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Why I Chose This Topic. Untitled. Regio-DB2-800. Untitled. Untitled. Untitled. Just Trains - Diesel Locomotives. End of line for diesel trains | Home News | News | The Independent. Some of Britain's most popular rail lines are to be electrified as part of a £1.1bn project to modernise the network, shunt diesel trains into sidings and help lower carbon emissions, the Government will announce today. The Great Western mainline from London to Swansea, used by about 21 million passengers a year, will be electrified over eight years, the Prime Minister will say.

A 30-mile stretch of track between Manchester and Liverpool will also be electrified over four years, cutting journey times by 15 minutes. About 300 miles of track will be electrified to help the Government cut carbon emissions by 80 per cent by 2050. Electric trains produce 20 to 35 per cent less carbon per mile than diesel trains. Passengers on the Great Western mainline will face eight years of disruptions but Network Rail said it planned to carry out the works overnight. The project is expected to boost capacity as electric trains can carry more passengers than diesel ones. Diesel Locomotive Technology. Contents The Diesel Locomotive - The Diesel Engine - Diesel Engine Types - Size Does Count - To V or not to V - Tractive Effort, Pull and Power - Starting - Governor - Fuel Injection - Fuel Control - Engine Control Development - Power Control - Cooling - Lubrication - Transmission - Parts of a Diesel-Electric Locomotive - Mechanical Transmission - Hydraulic Transmission - Wheel Slip - DMUs - More Information (Links).

The Diesel Locomotive The modern diesel locomotive is a self contained version of the electric locomotive. Like the electric locomotive, it has electric drive, in the form of traction motors driving the axles and controlled with electronic controls. It also has many of the same auxiliary systems for cooling, lighting, heating, braking and hotel power (if required) for the train. It can operate over the same routes (usually) and can be operated by the same drivers. Click on an image for the full size view. Parts of a Diesel-Electric Locomotive Diesel Engine Main Alternator Cab 1. Diesel locomotive - Locomotive Wiki, about all things locomotive! - Wikia.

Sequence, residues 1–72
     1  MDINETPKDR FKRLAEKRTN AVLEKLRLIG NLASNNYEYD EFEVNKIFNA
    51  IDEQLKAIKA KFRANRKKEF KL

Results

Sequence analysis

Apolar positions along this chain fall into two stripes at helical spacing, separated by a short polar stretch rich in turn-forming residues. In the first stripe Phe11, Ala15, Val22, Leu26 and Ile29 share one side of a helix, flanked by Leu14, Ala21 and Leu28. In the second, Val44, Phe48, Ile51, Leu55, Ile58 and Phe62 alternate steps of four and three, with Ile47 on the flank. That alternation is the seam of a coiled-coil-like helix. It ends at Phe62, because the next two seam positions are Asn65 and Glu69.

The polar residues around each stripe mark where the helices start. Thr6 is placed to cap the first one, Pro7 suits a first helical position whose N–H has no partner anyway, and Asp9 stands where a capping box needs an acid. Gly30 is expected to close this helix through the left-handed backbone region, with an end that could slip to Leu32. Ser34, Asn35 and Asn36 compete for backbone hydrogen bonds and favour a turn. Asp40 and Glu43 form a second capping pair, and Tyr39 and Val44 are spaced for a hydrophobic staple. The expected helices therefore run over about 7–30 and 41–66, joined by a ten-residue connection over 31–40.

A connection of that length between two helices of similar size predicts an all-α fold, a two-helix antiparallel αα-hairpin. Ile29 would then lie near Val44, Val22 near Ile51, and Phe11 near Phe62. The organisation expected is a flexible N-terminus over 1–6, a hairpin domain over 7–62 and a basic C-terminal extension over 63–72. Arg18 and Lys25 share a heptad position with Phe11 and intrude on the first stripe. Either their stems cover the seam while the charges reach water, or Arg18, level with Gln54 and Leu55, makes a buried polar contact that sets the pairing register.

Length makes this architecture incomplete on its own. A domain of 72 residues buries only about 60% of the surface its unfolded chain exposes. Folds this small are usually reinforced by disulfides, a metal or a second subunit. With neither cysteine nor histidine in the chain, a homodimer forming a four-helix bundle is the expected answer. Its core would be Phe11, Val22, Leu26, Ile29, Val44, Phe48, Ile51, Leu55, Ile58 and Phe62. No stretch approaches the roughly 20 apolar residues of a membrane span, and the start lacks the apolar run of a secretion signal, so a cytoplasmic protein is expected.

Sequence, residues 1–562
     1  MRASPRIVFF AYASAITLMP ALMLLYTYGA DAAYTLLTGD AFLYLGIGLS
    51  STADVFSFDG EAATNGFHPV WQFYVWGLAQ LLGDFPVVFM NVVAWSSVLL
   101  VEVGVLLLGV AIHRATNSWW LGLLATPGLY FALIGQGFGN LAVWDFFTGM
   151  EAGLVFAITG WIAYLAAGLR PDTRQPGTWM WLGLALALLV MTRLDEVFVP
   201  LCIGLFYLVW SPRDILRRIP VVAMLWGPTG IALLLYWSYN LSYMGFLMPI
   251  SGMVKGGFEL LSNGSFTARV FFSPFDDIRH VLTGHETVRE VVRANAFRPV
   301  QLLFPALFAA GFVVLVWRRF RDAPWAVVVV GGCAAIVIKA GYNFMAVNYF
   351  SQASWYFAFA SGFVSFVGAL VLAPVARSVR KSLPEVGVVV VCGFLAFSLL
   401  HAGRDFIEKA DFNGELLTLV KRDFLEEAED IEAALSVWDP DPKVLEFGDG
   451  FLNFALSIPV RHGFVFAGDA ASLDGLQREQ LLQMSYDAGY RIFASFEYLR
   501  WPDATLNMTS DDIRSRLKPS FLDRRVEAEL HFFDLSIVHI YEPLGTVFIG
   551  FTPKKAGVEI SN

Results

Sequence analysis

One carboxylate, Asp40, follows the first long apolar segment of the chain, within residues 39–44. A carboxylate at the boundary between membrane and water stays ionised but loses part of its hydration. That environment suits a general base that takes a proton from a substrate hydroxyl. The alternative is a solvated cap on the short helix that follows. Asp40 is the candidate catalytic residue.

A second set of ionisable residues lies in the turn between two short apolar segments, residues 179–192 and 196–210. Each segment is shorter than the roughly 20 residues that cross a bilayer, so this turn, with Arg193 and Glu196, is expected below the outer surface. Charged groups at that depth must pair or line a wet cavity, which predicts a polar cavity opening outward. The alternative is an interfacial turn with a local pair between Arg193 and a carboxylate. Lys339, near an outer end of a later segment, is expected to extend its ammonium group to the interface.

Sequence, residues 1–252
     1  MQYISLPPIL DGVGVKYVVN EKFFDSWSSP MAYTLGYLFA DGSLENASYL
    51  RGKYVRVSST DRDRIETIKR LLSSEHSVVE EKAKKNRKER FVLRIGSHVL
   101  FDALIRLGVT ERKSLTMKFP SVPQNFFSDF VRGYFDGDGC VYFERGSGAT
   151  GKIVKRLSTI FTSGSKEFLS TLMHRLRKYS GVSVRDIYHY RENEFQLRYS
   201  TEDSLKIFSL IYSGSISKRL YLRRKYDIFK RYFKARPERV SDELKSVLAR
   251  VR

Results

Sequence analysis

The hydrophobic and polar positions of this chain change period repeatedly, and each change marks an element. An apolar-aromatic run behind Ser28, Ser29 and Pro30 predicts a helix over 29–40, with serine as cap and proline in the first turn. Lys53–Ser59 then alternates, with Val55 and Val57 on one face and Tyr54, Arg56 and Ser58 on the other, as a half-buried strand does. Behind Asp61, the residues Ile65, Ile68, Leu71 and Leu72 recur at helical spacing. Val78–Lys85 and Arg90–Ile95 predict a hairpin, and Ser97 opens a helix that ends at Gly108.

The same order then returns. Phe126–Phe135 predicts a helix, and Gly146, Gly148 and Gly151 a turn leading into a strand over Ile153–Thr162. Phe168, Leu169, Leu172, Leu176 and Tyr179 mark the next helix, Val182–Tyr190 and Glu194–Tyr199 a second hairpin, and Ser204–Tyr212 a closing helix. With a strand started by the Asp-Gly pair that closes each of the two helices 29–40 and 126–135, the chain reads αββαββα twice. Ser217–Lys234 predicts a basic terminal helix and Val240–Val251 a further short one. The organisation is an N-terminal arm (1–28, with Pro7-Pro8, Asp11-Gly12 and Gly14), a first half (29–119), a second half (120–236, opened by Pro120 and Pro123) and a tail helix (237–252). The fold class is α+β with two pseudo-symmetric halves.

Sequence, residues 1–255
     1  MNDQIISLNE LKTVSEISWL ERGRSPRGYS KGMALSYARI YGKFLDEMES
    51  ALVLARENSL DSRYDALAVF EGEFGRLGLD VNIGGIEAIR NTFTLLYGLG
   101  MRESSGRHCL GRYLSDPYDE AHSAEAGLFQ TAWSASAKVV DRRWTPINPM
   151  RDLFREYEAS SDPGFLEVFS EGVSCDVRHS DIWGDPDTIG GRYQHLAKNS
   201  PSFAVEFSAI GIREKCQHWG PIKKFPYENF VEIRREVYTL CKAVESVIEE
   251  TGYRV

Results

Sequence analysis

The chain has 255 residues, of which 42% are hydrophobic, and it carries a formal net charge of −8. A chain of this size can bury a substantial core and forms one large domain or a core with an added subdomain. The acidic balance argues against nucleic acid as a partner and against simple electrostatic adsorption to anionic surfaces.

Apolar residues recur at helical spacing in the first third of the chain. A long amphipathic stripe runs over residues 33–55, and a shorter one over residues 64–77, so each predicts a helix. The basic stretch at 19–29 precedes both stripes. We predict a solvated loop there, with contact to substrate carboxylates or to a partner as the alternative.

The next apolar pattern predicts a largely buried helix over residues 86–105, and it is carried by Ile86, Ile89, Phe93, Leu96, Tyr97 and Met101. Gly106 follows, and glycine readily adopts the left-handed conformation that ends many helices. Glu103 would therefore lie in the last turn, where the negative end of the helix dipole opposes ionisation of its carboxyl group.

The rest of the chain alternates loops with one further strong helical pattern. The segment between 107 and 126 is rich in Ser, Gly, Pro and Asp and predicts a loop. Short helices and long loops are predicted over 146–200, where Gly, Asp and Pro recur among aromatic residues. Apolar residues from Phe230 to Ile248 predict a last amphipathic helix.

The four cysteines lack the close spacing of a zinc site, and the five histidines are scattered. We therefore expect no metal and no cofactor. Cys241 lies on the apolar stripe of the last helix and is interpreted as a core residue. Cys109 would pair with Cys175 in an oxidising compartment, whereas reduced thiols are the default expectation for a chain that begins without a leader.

Diesel locomotives (or "diesel engines") are locomotives that are propelled by a diesel engine(s). The name itself, derives from Rudolf Diesel, who invented the diesel combustion-engine, locomotive, and fuel to power the diesel engine. History Edit The diesel type of combustion-engine was invented by Rudolf Diesel in 1893, and was first used for early refrigerators. But after several failed experiments, he decided to use his unique engine on locomotives.

With several unsuccessful attempts, Rudolf Diesel developed a successful engine for locomotives. Diesel locomotives first began as modified railcars, until companies like ALCO, GE and EMC (Electro-Motive Corporation; now Electro-Motive Division) began building some of the very first official diesel locomotives, which weren't modified railcars or trainsets, and were also streamlined. Diesel locomotives are the primary locomotives used for powering trains nowadays. Design Types There are three types of final-drive mechanisms: Diesel-mechanical. Why Hybrid? Why Diesel? - How Diesel Locomotives Work. The main reason why diesel locomotives are hybrid is because this eliminates the need for a mechanical transmission, as found in cars. Let's start by understanding why cars have transmissions. Your car needs a transmission because of the physics of the gasoline engine. First, any engine has a redline -- a maximum rpm (revolutions per minute) value above which the engine cannot go without exploding.

Second, if you have read How Horsepower Works, then you know that engines have a narrow rpm range where horsepower and torque are at their maximum. For example, an engine might produce its maximum horsepower between 5,200 and 5,500 rpm. The five- or six-speed transmission on most cars allows them to go 110 mph (177 kph) or faster with an engine-speed range of 500 to 6,000 rpm. A gearbox like this would be huge (it would have to handle 3,200 horsepower), complicated and inefficient.